Facebook Graph Search Challenges Google with Answers From Friends

Today, Facebook announced it has indexed more than a trillion connections between users to create its new Graph Search feature. The social network hopes to make it simple and easy to find specific answers to easy queries such as “who of my friends lives in San Francisco?” and complex queries such as “restaurants in New York liked by chefs.”

CEO Mark Zuckerberg was quick to point out how different Graph Search is from a Web Search, because Web only returns links and Graph Search returns answers. However, if you can’t find what you want in the index created by the social network, you will be able to perform a Bing Web search from within the network. 

For the first beta version of Graph Search, Facebook focused on people, photos, places and interests. For starters the service will only be available as a limited beta at Facebook.com/graphsearch. Mark Zuckerberg says there’s plenty more to index, but with 240 billion photos and more than a billion users, this is probably plenty to get people attached to searching their friends. In the future, Zuckerberg plans to index mobile, languages (currently only English) and all posts that have been put up by users worldwide.

Forget Googling your friends: Now you can much more easily stalk people you know. But you can also find out about people not in your network. Searching “friends with friends who are single men,” for instance, will help you match-make for your friends.  To lock yourself out of such searches, you’ll need to limit what fields in your profile that you fill out. The engine can only find those things you volunteer, such as alumni, location, origins, employer, etc. 

The Graph Search feature allows incredibly granular searches for all sorts of things. For instance, “Music liked by people who like Mitt Romney,” “photos of friends in national parks,” “dentists liked by my friends” or “languages my friends speak” points out some pretty interesting connections. The engine is also smart enough to autofill options and auto correct when it needs a different language to complete the search. For instance, searching “restaurants in San Francisco liked by my Indian friends” auto changes to “restaurants in San Francisco liked by my friends from India.”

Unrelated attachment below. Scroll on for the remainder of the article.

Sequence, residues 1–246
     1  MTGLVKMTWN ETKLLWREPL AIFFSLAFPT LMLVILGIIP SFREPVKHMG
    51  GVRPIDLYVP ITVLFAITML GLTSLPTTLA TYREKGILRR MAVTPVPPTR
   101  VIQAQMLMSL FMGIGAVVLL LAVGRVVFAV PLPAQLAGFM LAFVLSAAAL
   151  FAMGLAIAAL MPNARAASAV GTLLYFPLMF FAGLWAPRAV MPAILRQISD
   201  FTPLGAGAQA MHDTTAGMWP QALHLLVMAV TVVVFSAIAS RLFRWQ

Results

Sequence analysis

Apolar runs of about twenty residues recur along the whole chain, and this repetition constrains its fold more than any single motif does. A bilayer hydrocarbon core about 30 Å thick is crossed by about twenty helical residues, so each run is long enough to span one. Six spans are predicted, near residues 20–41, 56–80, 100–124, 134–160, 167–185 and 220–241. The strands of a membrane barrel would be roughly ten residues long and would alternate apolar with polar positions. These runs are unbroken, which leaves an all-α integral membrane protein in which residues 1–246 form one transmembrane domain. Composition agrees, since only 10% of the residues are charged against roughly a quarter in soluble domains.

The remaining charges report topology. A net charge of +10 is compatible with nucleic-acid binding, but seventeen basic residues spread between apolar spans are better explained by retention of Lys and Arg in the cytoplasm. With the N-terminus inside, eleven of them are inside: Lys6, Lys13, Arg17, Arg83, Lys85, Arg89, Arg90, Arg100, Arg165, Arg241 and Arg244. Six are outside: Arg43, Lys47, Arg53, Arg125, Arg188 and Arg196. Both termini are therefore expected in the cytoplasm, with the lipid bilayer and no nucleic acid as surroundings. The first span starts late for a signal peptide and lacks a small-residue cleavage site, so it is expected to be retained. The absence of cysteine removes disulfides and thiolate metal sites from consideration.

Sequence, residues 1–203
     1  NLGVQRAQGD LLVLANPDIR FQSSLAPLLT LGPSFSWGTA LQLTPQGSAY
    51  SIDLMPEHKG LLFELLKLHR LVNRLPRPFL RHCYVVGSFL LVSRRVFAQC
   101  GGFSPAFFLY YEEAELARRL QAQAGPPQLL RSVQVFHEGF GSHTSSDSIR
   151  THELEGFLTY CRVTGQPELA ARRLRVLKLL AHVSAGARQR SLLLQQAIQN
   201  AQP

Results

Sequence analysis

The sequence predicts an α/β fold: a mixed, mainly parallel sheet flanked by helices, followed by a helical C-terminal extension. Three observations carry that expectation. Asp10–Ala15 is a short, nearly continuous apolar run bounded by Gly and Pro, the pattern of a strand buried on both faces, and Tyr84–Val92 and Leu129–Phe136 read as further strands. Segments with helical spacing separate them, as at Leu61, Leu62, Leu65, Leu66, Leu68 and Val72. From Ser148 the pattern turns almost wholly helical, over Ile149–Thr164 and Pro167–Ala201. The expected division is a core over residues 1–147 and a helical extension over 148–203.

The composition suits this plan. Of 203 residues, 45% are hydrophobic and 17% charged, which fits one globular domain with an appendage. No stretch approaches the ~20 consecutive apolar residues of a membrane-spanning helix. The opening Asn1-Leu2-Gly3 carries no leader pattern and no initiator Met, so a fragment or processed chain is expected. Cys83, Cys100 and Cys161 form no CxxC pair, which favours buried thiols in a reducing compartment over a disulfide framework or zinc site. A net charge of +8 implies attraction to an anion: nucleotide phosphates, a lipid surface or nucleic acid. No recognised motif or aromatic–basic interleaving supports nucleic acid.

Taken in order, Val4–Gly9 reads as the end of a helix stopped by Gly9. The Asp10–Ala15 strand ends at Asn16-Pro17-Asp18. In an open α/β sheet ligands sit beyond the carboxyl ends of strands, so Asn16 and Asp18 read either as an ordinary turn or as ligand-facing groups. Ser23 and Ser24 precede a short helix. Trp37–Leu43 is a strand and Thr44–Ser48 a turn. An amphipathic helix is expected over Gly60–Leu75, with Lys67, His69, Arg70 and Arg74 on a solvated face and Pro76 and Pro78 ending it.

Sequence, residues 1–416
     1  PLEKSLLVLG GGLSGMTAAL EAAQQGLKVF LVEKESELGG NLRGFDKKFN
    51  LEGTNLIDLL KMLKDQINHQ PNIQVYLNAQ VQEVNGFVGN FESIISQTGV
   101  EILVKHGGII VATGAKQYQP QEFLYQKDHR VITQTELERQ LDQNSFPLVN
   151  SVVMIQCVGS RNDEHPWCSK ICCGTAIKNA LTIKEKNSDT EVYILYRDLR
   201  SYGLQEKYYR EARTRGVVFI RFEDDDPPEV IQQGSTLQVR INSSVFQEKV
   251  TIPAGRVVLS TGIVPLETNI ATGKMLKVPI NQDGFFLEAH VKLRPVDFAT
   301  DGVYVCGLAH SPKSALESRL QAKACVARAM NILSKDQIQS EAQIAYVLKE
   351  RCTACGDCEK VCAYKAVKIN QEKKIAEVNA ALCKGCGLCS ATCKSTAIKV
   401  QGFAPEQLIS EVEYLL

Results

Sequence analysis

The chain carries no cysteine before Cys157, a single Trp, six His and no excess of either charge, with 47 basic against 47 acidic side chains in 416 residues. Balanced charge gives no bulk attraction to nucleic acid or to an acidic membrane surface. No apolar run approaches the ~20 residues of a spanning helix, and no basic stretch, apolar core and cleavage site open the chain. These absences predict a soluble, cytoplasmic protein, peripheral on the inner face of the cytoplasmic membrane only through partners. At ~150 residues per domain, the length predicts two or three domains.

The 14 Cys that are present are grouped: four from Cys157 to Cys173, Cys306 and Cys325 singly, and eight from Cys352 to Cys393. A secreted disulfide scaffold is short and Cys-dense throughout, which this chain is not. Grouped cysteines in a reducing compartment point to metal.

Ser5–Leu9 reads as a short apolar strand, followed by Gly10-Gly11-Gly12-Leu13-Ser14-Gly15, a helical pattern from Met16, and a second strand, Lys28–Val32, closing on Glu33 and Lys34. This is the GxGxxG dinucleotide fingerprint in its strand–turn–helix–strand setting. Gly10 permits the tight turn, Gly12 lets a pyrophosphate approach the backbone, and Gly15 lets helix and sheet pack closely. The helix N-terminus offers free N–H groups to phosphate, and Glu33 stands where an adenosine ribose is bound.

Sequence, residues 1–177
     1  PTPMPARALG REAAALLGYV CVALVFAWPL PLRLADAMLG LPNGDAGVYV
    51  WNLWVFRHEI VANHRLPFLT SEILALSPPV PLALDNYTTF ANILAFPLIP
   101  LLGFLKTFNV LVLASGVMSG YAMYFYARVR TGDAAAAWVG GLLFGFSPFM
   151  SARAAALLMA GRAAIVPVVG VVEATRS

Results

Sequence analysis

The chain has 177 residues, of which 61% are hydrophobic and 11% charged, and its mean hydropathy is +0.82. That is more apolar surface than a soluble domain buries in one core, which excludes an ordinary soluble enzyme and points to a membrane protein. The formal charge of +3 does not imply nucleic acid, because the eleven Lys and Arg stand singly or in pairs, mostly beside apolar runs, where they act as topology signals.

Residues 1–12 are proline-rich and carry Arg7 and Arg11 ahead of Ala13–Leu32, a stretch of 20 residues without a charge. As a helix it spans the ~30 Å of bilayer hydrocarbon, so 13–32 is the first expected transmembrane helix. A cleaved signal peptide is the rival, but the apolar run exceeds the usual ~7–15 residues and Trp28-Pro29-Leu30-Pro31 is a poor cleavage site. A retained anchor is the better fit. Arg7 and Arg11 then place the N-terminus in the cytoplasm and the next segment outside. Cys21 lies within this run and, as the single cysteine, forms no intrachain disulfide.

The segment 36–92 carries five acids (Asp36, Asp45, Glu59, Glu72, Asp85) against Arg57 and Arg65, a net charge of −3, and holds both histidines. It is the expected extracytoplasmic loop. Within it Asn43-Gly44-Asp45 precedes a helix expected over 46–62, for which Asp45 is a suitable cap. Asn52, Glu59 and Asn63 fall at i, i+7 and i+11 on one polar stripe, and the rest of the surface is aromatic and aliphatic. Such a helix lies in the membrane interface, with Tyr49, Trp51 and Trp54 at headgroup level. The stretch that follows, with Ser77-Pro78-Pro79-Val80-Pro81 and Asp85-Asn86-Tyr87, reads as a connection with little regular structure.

For privacy tools, Facebook has built upon its Privacy Shortcuts. Under Who Can See My Stuff, in the Activity Log you can currently see all of your Facebook postings, likes, photos, etc. You can now mark photos you have hidden from your profile and then even go so far as to ask the original poster to remove the photos from Facebook. The social network then sends a note to the person who posted the photos and asks them to take the pics down. 

Graph search will be rolled out soon, but before that happens you’ll have the chance to review and remove items you won’t want indexed. For now, log on to your home page and review the pop-up privacy settings menu at the top right of the page. 

If you can’t find what you’re looking for through Graph Search, Facebook is leveraging a relationship with Bing to return actual search results. We’re curious to find out how Google might respond, particularly since Zuckerberg did say during his presentation that he’d “love to work with Google.” 

Anna Attkisson
Anna Attkisson
A lover of lists and deadlines, Anna Attkisson covers apps, social networking, tablets, chromebooks and accessories. She loves each of her devices equally, including the phablet, three tablets, three laptops and desktop. She joined the Laptop Mag staff in 2007, after working at Time Inc. Content Solutions where she created custom publications for companies from American Express to National Parks Foundation.
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  1. James Says:

    This is actually very similar to the way Facebook originally was. Back then, you were able to search for very specific things about people at your college so I don’t see what the big fuss is about. Maybe it’s because most current Facebook users were excluded from thefacebook (back it was still called that) when all the guys could search for all the female undergrads who were single at their college.

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